When I decided to get married, I wanted to ensure I was bringing the best version of myself into the partnership. During my bachelorette party, I asked my closest friends what personal flaws I should keep an eye on and try to improve. One of them pulled me aside and revealed that sometimes I take things too personally.
I grimaced and recoiled from this revelation. I absolutely do take things personally and although I knew it, having one of my best friends point it out in a loving way helped to diminish my defensive impulses.
I grew up with a single mom school teacher and modeled myself after her diligence, conscientiousness, and a borderline-perfectionist orientation to detail. (Let me put it this way: if God Herself had a font, She would model it after the flawless lettering of Mary Minerman—both printing and cursive.)
My desire to excel and improve myself was mainly good, but it did have its drawbacks; I once revealed to my fourth-grade teacher that my greatest fear was getting bad grades. I even remember the moment when I started thinking of myself as “the smart kid.” It was a year after we’d moved to Laguna Beach and we were learning fractions in Mrs. Clapp’s third-grade class. She wrote three figures on the board: 1/2, 2/3, and 3/4. Without sketching any handy pie charts, she asked us which of these was the largest.
The most popular girl in the class raised her hand and said one-half was the largest because halves were bigger than quarters or thirds. I raised my hand and said three-quarters was the largest, reasoning that while each fraction was missing only one of its pieces, a quarter was the smallest piece missing, and therefore it was a more complete pie.
The teacher wrote our names next to our guesses and took a poll. Most of the class believed that the popular girl had the correct response. After all, a half is larger than a quarter. A few brave souls raised their hands in support of my reasoning. When Mrs. Clapp revealed that I—the new kid—had the correct response, I beamed with pride. More important than having the right answer was the fact that I’d finally found my place in the social hierarchy at Top of the World Elementary School: I would be “the smart kid” and I would work very hard to maintain that status.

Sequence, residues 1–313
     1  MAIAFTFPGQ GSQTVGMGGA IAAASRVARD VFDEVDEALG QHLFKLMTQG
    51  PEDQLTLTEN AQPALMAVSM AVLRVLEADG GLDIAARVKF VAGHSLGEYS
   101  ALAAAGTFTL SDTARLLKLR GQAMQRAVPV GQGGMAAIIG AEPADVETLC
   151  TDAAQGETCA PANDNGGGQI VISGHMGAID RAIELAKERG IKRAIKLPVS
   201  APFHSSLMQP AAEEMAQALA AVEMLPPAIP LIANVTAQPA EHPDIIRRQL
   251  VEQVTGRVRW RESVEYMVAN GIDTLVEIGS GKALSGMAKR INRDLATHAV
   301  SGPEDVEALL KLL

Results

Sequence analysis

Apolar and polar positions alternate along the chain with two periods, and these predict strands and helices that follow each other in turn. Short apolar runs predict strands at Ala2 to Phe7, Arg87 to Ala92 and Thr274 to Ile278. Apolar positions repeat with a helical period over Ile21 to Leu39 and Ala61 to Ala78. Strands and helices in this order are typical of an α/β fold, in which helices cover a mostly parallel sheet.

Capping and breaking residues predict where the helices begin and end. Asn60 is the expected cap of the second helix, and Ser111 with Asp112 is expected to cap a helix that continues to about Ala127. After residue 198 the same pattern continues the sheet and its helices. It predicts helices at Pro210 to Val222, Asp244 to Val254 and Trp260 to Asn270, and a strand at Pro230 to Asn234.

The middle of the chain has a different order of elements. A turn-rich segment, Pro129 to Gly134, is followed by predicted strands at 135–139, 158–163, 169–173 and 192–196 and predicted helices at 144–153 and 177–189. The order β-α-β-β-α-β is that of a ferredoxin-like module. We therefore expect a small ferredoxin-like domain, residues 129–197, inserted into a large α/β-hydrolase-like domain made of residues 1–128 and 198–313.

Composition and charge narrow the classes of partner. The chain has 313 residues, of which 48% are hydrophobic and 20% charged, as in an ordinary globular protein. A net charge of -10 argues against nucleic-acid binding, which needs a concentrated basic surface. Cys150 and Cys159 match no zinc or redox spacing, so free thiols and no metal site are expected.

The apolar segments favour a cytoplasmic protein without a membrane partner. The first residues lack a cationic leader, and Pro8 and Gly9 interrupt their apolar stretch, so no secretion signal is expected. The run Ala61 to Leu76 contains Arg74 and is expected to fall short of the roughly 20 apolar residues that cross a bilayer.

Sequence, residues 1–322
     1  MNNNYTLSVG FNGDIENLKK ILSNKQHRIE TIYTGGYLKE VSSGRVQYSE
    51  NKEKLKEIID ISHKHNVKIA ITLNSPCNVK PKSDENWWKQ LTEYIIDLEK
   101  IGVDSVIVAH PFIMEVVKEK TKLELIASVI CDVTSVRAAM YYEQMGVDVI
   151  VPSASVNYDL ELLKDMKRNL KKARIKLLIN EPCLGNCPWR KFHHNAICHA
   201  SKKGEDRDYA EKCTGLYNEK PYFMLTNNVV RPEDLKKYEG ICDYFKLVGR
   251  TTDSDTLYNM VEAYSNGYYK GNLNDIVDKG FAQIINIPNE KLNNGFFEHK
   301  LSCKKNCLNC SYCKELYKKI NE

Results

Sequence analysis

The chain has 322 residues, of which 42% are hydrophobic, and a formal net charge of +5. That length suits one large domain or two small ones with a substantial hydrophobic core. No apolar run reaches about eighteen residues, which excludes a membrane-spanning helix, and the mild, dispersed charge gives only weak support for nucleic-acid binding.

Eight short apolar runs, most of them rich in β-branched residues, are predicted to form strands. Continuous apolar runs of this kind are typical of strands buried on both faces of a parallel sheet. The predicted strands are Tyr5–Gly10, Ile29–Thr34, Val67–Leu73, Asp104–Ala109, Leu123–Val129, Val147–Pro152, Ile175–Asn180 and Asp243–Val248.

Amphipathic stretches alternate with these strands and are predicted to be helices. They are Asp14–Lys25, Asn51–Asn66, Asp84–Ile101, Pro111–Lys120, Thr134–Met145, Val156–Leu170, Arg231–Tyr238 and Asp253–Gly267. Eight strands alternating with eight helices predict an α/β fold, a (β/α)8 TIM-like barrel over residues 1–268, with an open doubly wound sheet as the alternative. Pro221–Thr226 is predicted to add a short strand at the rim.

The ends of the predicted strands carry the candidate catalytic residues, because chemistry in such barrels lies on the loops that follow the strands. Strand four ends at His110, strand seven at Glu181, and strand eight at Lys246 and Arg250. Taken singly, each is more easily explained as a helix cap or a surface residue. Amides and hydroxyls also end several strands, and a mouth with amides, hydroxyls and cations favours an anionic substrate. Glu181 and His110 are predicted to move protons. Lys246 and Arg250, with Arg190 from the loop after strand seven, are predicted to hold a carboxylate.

I always thought I was pretty good at hiding my insecurities as a child, but I had my perfectionist tells. If I said something socially awkward, I would ball my fists and buckle my knees, as if this internal pressure would help diffuse the external tension. I usually would think of something more clever to say later and repeat it over and over to myself to ensure I wouldn’t make the same social miscalculation. Should that topic of conversation arise again, I would be ready with my immaculate line.
I think my tendency to take things personally arises from my self-imposed quest for perfection. If someone offers criticism, it makes me feel further away from my (admittedly impossible) ideal, but this is the wrong way to receive information from the world. Why can’t I accept legitimate feedback as a learning opportunity instead?
When my friend told me I took things too personally, something changed. Now when I feel the sting of defensiveness rising in my throat or bringing a flush to my cheeks, I put my impulses in check.
Last week, I even came up with a little mantra. I was on a hike to Tamolitch Blue Pool along central Oregon’s McKenzie River. It was a clear fall day and the valleys were bursting into vibrant fiery shades of yellow, orange, and red. Although I normally hike with podcasts, the environment demanded the undivided attention of my senses and I went without headphones. As I rounded the corner toward the turquoise pool, a large insect flew hard straight into my face.
“What the fuck? Why did that insect just try to kamikaze me?” I said indignantly, totally breaking my zen. I stewed for 30 seconds as I rounded the trail along the cliffs, climbing down toward the water’s edge.
I sat down on a cool boulder and looked up at an amphitheater of fall color and down into the cerulean depths, where yellow reflections gently swayed. I thought to myself, Wait a second. What if that insect was just trying to give me a hello? Slamming into my face is its only way to get my attention. It wasn’t a missile; it was just a zealous kiss.
This new perspective has implications beyond the aggressive insect, of course. What if I viewed all of life’s misgivings, errors, and difficult lessons as zealous kisses rather than missiles? I no longer have to take something personally if I assume the best intentions of others or accept the message as a benign teaching moment.
Thinking that my new mantra was brilliant, I shared the story with my husband.
He asked me earnestly, “Don’t you think that mantra is a little rapey? I mean, a zealous kiss?”
Ugh, “rapey?” What the fuck. Why can’t he just appreciate my mantra? I took his feedback as a benign teaching moment and laughed to myself: I like the way “zealous kiss” rolls of the tongue, even in this post-#MeToo world. Bless his heart for having that reaction.
After all, my husband’s perspective wasn’t a missile; it just was a zealous kiss.